I have a few suggestions for scholars who would like to rethink their dissertations and write a book. There are different styles of writing dissertations in the social sciences and the humanities, but one commonality is that doctoral scholars are expected to argue against as well as to follow other scholars. The structures and terms of debate are distinct for dissertations which are limited for disciplinary conversations within the academe and for books which have far wider geographic and intellectual audiences, both within and beyond the academy. I spent long hours focussing on how to communicate my ideas simply rather than clustering big words. In my writing, I wanted to invite my readers not only to the mobile landscape and lives but through them, to provide new conceptual and methodological tools with which we may be able to understand life and loss at borders.
Q: Finally, before we end this insightful conversation, could you share five books that have inspired your work, and with whom you are most in conversation with?
This is such a difficult question to answer because so many books inspire me and have shaped my writing. Let me list the books that provided strong conceptual foundations to understand the Northeast India-Bangladesh border, and the authors of which I was in close conversation. Willem Van Schendel’s The Bengal Borderland: Beyond State and Nation in South Asia (2004) inspired my research and writing. Encyclopaedic in depth, conversant in long-standing debates in history, anthropology and geography, and rich in its close attention to partition histories, this book unhinged the study of borders from the grip of nation-states and the study of national territories. Willem was also my Ph.D. supervisor and our debates have seeped into Jungle Passports, encouraging me to understand borderland histories beyond the partition of the Indian subcontinent. Jason Cons’ Sensitive Space: Fragmented Territory at the India-Bangladesh Border (2016) was also very important. I have not only relied on Jason’s keen insights on fragmented sovereignties, territories and communities but my writing has also developed in productive dialogue with him. Veena Das’ Critical Events: An Anthropological Perspective on Contemporary India (1996) is a book I continue to return to, along with her other writings. This book takes historical events as the starting point of anthropological theorizing on violence and generates keen insights on the trauma and suffering in everyday life. In my reading, Das also makes an important methodological contribution on multi-sited ethnography beyond the ‘local’ and the ‘global’–a conversation that was inspired by George Marcus and others during the mid-1990s.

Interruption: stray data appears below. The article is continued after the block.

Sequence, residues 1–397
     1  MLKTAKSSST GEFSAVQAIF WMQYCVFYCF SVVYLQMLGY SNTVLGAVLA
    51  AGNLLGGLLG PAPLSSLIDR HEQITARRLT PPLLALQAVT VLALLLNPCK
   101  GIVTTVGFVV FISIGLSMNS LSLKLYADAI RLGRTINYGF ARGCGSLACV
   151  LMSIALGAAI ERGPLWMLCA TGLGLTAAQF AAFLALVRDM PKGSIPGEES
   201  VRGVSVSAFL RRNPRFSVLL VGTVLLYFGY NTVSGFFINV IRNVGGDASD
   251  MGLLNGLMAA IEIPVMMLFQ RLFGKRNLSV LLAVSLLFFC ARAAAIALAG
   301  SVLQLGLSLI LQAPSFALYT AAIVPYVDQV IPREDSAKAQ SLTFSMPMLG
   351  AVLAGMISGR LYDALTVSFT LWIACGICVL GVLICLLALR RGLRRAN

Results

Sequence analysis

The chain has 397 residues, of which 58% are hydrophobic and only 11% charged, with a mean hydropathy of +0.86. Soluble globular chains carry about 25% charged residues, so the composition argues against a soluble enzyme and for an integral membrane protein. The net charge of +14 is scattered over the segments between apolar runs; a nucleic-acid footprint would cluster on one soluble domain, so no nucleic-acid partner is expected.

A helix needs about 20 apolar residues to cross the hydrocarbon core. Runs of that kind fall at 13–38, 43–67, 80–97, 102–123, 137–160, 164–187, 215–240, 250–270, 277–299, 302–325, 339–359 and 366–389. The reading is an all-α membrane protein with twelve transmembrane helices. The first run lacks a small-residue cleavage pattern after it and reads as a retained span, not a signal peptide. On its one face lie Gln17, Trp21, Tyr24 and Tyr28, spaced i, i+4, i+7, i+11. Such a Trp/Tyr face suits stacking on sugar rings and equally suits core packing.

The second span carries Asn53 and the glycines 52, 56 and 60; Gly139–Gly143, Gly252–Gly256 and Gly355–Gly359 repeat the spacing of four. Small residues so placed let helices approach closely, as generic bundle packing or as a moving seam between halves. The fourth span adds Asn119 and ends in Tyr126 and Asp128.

I greatly benefitted from Sanjib Baruah’s India Against Itself: Assam and the Politics of Nationality (1999) for understanding sub-nationalisms and militarization–this was my proverbial bible during my fieldwork and after. What does the Indian nation look like when seen from its margins? Sanjib Baruah lays bare the limits of nationalism, maps the rise and declines of sub-nationalisms, and shows how India’s military rule and governance in Northeast India recast theories on national sovereignty and federalism. Finally, for understanding Garo histories and ethnicities, subjects that did not receive much scholarly attention in Bangladesh, Ellen Bal’s They Ask if We Eat Frogs: Garo Ethnicity in Bangladesh (2000) was indispensable. This book offered an important threshold in the study of ethnic minorities in Bangladesh who were either investigated as dissident actors (for instance: the Chakmas) facing the brunt of state repression or clothed in old fashioned discourses of backwardness and development. Ellen inspired me to think about Bangladeshi Garos on their own terms and to map their contribution to the making of Bangladesh’s border with India.
Aparajita Majumdar is a PhD candidate in the History Department at Cornell University. Her dissertation tentatively titled, “A Tale of Two Bridges: Ecologies of Repair at the Borderlands of Northeast India, 1810 - present”, studies the histories of violent resource extraction and the endurance of plant-based recovery in the shaping of Northeast India’s borderlands.